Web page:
Sinn Féin spokesperson on agriculture in Northern Ireland, Declan McAleer, wants a more flexible ammonia strategy introduced, one which all farmers can buy into

The Co. Tyrone-based politician said:

“While we support the goal of addressing the impacts of air pollution on the natural environment, we have a number of concerns around some proposed methods of evaluating and reducing ammonia emissions in a future operational protocol.

“We are concerned that a one-size-fits-all approach to ammonia reduction on farms would not be fair, effective or sustainable.

“Farms here vary in size, stock and type of land, and any evaluation of their emissions and sequestrations must consider that.”

McAleer added that farmers have raised concerns about the parts of the ammonia operational protocol that relate in-combination assessments of emissions:

“It appears that, by adopting an in-combination approach, farmers who may have invested in reducing their emissions and taken steps to do that may still not get planning permission, perhaps because neighbouring farms still have high emissions.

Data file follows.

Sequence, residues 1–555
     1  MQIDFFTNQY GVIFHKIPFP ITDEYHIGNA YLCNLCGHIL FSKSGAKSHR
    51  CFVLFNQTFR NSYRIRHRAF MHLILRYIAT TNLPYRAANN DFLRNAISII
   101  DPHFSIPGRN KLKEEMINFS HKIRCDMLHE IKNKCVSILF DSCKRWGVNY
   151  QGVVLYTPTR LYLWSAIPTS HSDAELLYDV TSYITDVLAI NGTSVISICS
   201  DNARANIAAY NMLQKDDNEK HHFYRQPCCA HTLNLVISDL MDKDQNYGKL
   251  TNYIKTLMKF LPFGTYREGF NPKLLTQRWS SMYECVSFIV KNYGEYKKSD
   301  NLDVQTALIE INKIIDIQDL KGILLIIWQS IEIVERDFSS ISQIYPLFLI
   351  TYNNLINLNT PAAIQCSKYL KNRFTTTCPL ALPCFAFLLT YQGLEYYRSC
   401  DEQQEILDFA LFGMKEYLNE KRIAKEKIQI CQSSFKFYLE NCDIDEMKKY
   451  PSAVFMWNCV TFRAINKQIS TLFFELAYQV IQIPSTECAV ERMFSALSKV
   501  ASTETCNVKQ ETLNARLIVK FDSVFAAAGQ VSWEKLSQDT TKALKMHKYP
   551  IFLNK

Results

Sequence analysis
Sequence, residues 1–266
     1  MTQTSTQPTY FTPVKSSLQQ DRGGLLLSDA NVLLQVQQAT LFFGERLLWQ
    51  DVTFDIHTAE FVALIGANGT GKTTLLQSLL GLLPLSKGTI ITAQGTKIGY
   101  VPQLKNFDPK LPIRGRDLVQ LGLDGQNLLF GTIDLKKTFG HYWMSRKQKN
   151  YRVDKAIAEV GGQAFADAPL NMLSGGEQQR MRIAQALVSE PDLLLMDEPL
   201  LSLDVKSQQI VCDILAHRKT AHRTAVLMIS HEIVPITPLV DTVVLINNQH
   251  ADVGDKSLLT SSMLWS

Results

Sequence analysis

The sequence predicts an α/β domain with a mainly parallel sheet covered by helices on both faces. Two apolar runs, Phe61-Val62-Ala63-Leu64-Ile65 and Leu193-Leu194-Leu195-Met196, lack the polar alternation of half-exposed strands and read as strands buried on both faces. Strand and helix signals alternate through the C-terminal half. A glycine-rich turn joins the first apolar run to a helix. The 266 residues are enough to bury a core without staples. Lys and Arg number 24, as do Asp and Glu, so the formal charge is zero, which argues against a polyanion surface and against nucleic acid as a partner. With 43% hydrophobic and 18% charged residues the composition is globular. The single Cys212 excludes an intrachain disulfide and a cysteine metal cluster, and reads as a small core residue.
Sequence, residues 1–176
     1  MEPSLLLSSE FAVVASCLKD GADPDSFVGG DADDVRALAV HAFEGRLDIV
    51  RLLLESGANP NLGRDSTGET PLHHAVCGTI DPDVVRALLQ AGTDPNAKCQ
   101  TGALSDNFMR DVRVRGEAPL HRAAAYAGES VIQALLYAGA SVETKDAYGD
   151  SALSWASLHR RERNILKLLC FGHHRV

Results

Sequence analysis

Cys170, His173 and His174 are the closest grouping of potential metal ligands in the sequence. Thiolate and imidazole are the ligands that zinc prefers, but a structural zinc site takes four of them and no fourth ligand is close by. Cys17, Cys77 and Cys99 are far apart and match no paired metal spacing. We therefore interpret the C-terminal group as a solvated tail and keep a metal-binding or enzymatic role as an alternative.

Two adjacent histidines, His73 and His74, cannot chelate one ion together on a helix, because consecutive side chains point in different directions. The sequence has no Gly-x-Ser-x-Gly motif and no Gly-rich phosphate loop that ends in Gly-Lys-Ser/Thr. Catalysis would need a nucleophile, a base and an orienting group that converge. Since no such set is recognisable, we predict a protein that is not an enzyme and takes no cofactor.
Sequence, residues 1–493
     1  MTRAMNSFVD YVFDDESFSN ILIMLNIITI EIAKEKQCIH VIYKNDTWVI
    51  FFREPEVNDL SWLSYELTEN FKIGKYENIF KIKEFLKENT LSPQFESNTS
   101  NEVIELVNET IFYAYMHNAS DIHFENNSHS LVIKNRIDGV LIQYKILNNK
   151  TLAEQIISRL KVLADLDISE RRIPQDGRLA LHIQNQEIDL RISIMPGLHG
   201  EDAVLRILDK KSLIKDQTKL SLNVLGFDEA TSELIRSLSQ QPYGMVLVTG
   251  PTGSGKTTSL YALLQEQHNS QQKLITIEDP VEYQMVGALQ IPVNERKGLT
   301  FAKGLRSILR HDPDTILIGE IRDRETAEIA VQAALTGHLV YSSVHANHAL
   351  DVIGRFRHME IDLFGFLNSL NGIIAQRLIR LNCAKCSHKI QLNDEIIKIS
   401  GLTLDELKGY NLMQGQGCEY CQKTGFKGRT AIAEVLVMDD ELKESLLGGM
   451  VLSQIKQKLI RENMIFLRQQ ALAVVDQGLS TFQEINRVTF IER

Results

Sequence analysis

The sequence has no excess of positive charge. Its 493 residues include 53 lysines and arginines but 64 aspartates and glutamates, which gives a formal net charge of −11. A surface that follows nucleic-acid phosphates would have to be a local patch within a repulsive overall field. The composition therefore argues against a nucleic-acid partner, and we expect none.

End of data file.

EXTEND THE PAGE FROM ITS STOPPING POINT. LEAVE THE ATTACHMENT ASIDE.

“There are situations where, perhaps, a proposed new development is treated as additional to, as opposed to a replacement for, something that may have had high emissions.”

According to the Sinn Féin representative, it is important to note that virtually the whole of Northern Ireland will be impacted by the 7·5km limit contained within the ammonia management measures currently on the table.

He added: “We believe that the proposed approach could fail to achieve some of its intended outcomes in reducing ammonia, as farmers are deterred from upgrading or replacing old buildings.”

McAleer also pointed out that not all the measures in the draft ammonia strategy are practical. He made the suggestion that low emission slurry spreading equipment is not a practical option where farmers are operating in a hill environment.

“We need to look at all the different land types and types of farm across the North,” he further explained.

McAleer is also calling for ammonia thresholds to be consistent across the island, given the trans-boundary location of a number of affected sites.

He continued: “A lot of our bogs and protected areas straddle the border, and they are key to achieving a reduction in emissions across the island.

“The agri-food strategy in the South offers a number of possibilities for increased cooperation on an all-island basis, and that should be considered.”